I went to my antenatal appointment as usual, handing over my urine sample for testing. This time though, there were traces of protein which can be a sign of pre-eclampsia.

What’s more, when Annie felt my stomach, she told me she thought Alice had gone breech. After weeks of being head down, this was the last thing I needed to hear.

She made me an appointment for an ultrasound scan the next day at the hospital and told me if her fears were confirmed, I’d be booked in for a caesarean section.

I knew it wasn’t the end of the world if I did have pre-eclampsia or if Alice was breech, but at the time it felt like everything was going wrong.

However, the scan confirmed Alice was still head down and healthy. A second urine sample showed no signs of protein and all was well again.

I breathed a sigh of relief and went back to enjoying my pregnancy.

Over the next few weeks I had several signs that labour was close, feeling powerful contractions over and over again.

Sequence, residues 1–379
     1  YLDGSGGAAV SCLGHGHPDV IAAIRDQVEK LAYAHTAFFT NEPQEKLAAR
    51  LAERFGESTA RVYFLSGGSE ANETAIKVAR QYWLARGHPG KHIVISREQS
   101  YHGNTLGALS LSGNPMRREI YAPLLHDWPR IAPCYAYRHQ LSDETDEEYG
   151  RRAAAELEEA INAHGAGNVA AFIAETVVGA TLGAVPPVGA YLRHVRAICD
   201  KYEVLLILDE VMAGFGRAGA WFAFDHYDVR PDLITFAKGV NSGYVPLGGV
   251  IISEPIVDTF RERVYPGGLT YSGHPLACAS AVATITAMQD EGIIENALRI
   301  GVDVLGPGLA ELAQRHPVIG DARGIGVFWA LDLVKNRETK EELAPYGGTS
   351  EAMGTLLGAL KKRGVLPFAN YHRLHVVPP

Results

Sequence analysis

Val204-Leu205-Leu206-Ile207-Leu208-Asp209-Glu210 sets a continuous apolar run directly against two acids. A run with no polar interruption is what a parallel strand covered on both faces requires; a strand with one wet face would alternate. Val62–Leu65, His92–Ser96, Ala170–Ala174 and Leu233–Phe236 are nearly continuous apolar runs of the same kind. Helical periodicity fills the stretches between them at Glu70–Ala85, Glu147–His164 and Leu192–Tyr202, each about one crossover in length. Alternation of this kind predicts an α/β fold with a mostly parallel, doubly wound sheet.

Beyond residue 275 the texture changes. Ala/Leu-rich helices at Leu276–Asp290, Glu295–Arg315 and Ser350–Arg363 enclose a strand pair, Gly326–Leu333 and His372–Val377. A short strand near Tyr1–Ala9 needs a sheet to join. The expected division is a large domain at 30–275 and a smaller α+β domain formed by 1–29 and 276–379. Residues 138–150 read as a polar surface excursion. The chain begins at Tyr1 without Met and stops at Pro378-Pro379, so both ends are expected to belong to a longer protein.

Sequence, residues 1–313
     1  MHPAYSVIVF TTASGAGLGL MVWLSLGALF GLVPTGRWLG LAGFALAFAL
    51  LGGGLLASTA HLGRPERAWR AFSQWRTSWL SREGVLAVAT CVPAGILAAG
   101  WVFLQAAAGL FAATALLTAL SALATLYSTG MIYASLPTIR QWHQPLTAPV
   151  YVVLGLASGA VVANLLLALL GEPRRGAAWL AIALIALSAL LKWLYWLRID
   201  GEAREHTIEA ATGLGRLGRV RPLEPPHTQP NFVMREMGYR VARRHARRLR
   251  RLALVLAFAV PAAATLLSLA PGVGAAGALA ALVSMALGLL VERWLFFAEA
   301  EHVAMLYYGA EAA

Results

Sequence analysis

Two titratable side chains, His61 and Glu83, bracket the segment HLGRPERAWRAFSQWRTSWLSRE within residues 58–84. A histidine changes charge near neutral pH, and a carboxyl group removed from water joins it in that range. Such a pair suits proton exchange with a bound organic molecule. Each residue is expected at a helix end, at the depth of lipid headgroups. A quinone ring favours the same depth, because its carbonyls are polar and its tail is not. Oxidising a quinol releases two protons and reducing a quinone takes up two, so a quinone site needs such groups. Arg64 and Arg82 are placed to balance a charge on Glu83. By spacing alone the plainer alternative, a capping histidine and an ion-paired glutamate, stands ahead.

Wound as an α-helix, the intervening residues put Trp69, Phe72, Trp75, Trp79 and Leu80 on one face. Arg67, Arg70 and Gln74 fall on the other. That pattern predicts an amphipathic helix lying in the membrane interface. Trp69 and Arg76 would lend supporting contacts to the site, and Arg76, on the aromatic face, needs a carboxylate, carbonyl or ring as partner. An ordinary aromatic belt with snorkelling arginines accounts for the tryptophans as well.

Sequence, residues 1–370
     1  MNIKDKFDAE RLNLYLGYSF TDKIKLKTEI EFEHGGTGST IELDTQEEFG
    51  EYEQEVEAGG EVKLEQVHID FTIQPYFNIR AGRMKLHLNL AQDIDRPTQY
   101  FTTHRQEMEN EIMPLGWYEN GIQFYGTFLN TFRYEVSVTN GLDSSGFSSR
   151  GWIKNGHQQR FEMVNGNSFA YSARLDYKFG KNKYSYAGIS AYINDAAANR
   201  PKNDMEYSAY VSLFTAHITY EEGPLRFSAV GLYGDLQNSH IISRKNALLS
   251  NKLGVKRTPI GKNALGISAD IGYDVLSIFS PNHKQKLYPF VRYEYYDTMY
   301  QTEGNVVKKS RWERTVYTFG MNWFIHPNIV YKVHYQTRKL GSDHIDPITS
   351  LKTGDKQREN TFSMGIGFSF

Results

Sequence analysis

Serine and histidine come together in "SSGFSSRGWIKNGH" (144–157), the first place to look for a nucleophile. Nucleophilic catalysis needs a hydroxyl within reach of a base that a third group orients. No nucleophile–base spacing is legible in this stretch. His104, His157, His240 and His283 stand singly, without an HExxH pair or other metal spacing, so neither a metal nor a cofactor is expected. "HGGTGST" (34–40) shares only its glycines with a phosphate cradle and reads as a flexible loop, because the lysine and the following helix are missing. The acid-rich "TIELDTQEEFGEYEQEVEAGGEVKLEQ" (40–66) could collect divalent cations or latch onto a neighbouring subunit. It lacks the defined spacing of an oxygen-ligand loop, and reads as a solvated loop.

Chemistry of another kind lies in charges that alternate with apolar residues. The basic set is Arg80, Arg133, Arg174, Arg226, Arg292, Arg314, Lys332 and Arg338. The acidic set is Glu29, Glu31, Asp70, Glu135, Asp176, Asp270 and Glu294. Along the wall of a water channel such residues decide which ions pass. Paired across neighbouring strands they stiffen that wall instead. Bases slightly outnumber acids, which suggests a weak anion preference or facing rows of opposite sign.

They were all false starts though and before I knew it, my due date came and went and Alice still hadn’t made an appearance.

It wasn’t until my 39th week that I started to get impatient. Where was she? I’d gone all through pregnancy convinced she was going to arrive early.

I’d had our hospital bags packed and ready by week 32, I’d finished work, I’d cleaned the house from top to bottom everyday for the past few weeks.

I’d had a membrane sweep on my due date and gone home with a little spring in my step, certain that I’d go into labour that night.

Nothing happened. I tried eating curry, several times, to kick-start labour. Nothing apart from some painful Braxton Hicks. Pineapple? Still nothing. There’s a whole list of things to try which are supposed to speed labour along, and we tried them all.

My bump was getting bigger by the day, I was barely sleeping, getting up to go to the toilet every 15 minutes, and just generally feeling uncomfortable.

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I was getting texts and phone calls daily asking if I’d given birth yet. Every time I ventured out of the house, strangers would ask how long I had left, then look at me in panic when I told them I was already overdue.

Eventually we realised we were just going to have to wait. Alice would come in her own time, when she was ready.

And eight days later, at 41 weeks and one day, she was born.